WorldSpontaneous protests took place in Turkey after the collapse of the lira exchange rate

Spontaneous protests took place in Turkey after the collapse of the lira exchange rate

In a number of Turkish cities, spontaneous protests took place after the collapse of the national currency – the lira. This was announced on Tuesday, November 23rd by the Halk TV channel.

It is noted that in Istanbul and Ankara, protesters chanted slogans “Government to resign”, some held banners demanding to remove the ruling Justice and Development Party from power.

As a result, the demonstration in the capital turned into clashes with law enforcement officers.

Students from the Middle East Technical University (METU) took part in a protest in Ankara. They gathered in the dormitory area and set off for the procession.

Students shouted slogans such as “Leaving the government”, “The burden of the crisis on the bosses”, “Turn on the light, let the light bulb explode.” Some of the participants came to the march with pots and pans and beat the dishes.

The Turkish authorities have not yet reported the arrests, but the footage captured by eyewitnesses shows how the police detain one of the students.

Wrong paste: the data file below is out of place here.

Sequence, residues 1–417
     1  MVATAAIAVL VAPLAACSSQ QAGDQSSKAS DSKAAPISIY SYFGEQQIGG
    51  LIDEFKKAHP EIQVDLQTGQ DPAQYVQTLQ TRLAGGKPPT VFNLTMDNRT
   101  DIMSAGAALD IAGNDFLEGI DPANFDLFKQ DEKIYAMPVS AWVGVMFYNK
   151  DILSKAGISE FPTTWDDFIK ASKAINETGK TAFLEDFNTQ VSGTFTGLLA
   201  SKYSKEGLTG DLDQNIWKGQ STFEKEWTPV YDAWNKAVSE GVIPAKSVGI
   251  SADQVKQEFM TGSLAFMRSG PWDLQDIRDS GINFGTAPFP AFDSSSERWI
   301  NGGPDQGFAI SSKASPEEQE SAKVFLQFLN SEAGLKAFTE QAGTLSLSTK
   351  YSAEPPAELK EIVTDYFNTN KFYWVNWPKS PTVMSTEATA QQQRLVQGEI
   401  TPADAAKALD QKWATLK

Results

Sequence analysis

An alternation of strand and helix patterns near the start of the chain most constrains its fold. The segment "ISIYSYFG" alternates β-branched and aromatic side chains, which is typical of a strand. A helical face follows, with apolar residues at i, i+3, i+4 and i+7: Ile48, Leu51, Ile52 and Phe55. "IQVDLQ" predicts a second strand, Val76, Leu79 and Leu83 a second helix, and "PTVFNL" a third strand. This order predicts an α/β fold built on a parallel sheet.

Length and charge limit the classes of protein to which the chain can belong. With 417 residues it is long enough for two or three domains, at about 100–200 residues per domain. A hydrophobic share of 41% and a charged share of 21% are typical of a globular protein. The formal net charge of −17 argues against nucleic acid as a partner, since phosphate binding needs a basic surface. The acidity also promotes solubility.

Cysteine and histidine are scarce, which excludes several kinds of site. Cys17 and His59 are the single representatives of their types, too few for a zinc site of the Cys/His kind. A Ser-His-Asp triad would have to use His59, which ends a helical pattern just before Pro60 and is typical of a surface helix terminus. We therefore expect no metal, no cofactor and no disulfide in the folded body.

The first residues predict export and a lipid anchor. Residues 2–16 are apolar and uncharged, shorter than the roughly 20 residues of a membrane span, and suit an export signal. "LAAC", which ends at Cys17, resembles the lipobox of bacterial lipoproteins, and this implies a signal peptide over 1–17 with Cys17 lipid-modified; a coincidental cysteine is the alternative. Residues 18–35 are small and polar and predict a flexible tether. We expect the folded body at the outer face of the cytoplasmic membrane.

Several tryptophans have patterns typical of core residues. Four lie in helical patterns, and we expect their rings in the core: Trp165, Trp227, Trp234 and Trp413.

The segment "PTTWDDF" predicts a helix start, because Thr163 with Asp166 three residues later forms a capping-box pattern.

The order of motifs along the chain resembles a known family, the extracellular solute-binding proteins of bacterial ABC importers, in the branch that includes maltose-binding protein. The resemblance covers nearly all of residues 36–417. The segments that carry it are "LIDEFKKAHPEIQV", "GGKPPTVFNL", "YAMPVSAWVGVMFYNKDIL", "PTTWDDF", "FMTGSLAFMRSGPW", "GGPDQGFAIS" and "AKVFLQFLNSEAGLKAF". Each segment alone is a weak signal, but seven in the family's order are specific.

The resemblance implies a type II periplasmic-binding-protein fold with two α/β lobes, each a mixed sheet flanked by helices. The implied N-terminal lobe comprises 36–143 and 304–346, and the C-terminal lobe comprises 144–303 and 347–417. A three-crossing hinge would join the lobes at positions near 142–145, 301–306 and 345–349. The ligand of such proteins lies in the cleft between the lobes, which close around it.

In addition, the residents of Izmir joined the protests. Videos posted on social networks show that the participants in the processions are mostly young people.

Earlier on the same day, it became known that the collapse of the Turkish lira was 18%, the currency fell from 11.37 to 13.21 lira per dollar.

According to financial analyst Arda Tunca, such a drop in the Turkish national currency per day has become a record over the past 20 years. According to him, the situation was influenced by the speech of Turkish President Tayyip Erdogan, who on the eve spoke in support of lowering the discount rate. The analyst added that the most pessimistic forecast for the country is a slowdown in the entire economy, rapid inflation, bankruptcy of companies in the real sector, as well as a sharp jump in unemployment.

On Friday, November 19, the Turkish Central Bank cut its discount rate from 16% to 15%.

Trending